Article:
Fuel-Efficient Productivity for Writers

IU notebook for author planning

There are tons of productivity systems to help us keep track of ourselves. Analog systems such as the store-bought day planners like Filofax, Franklin, and DayTimer are old favorites. Other analog options are the inexpensive build-your-own systems like Getting Things Done (GTD,) and the newer system called Bullet Journaling (popular, but it’s much too elaborate for me). Digital products are also available. Two of the more highly rated ones are Planner Plus and the Anytime Organizer. We can even find (or improvise) hybrid systems combining a little of both.

I confess that most of these are just not fuel-efficient for me because I’m not willing to expend the time and energy to set them up and keep them running. It requires a 24/7/365 effort to make them work. I could be in the minority here because day planners, and now organization apps, are top sellers. I suspect that plenty of people try some of these, maybe actually use them for a year or two, but then decide to drop them because they just don’t feel like going to all that effort to maintain them. Others may find them extremely helpful and wouldn’t dream of using anything else. Maybe the digital apps will work for those who prefer to rely on tech. Apps wouldn’t work for me because I fear power outages, software glitches, hackers, and my inability to type fast enough on itty-bitty keyboards.

GTD worked a while for me when it came out back in 2001 (it has a 2015 update.) Two things have stayed with me:

First thing – Break projects down into steps. Example:

Project: Write March Newsletter

  1. Make new folder labeled Mar ’16 Newsltr
  2. Determine subjects to include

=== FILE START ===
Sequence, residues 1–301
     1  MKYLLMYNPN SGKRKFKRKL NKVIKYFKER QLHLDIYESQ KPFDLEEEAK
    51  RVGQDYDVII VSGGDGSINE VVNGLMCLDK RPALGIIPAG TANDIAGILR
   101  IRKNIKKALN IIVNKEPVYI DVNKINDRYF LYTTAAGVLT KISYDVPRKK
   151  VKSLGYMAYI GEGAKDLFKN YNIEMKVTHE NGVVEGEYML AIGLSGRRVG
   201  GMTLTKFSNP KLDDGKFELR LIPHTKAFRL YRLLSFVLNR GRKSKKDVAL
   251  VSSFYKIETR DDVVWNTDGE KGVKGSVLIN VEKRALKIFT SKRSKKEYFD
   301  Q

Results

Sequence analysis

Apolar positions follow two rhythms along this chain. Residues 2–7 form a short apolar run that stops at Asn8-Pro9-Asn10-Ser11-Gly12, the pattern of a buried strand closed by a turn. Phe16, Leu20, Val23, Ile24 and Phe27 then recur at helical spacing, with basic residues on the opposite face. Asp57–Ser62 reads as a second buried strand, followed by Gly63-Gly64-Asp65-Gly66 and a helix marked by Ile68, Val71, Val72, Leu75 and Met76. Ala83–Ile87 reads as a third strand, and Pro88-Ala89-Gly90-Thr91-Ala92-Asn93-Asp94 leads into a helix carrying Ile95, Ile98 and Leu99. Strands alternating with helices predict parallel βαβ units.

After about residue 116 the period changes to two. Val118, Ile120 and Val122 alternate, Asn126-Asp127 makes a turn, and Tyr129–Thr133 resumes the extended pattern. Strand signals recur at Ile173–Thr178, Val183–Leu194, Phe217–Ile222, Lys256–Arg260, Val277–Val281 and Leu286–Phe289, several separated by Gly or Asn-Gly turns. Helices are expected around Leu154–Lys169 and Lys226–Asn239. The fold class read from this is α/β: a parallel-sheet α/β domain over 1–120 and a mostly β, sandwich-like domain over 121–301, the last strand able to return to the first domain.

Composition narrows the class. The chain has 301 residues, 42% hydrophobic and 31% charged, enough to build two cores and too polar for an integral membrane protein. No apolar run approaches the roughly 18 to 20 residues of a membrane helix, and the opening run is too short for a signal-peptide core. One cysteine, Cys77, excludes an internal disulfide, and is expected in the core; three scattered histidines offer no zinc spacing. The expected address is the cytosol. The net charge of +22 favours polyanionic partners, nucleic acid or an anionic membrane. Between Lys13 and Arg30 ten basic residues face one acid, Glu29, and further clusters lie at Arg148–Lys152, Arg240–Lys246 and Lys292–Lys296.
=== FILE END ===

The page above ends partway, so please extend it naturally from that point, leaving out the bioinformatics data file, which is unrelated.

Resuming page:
3. Find, click & drag info and articles on the subjects to folder
  4. Do same for pix to accompany subjects
  5. Write draft
  6. Revise and polish
  7. Publish via mass emailing service

Of course, now that I’m doing a monthly newsletter, I don’t actually need to write all this down. It’s in my head. See? Fuel-efficient.

Second thing – Make a (physical) file folder for all the papers you choose to keep, even if the paper is just one sheet. This was hard because my brain was screaming, “You can’t waste a whole folder on a single piece of paper!” Well yes, yes you can, according to GTD. This way, you avoid having a Miscellaneous folder, which is the same thing as a black hole because you’ll never find that piece of paper again if it doesn’t have its own, unique folder, such as “Roswell, NM, UFO Museum Flyer.”

GTD says you need a “Capture Device” (usually a notebook) in which to jot down your random flashes of genius, things that need to be done, project ideas, goals, a recipe from a magazine in the doctor’s office waiting room, and so on. I did that for a while, but I found myself having to spend a lot of time thumbing back through pages and transferring entries to files, calendars, recipe cards, to-do lists, etc. Not fuel-efficient enough.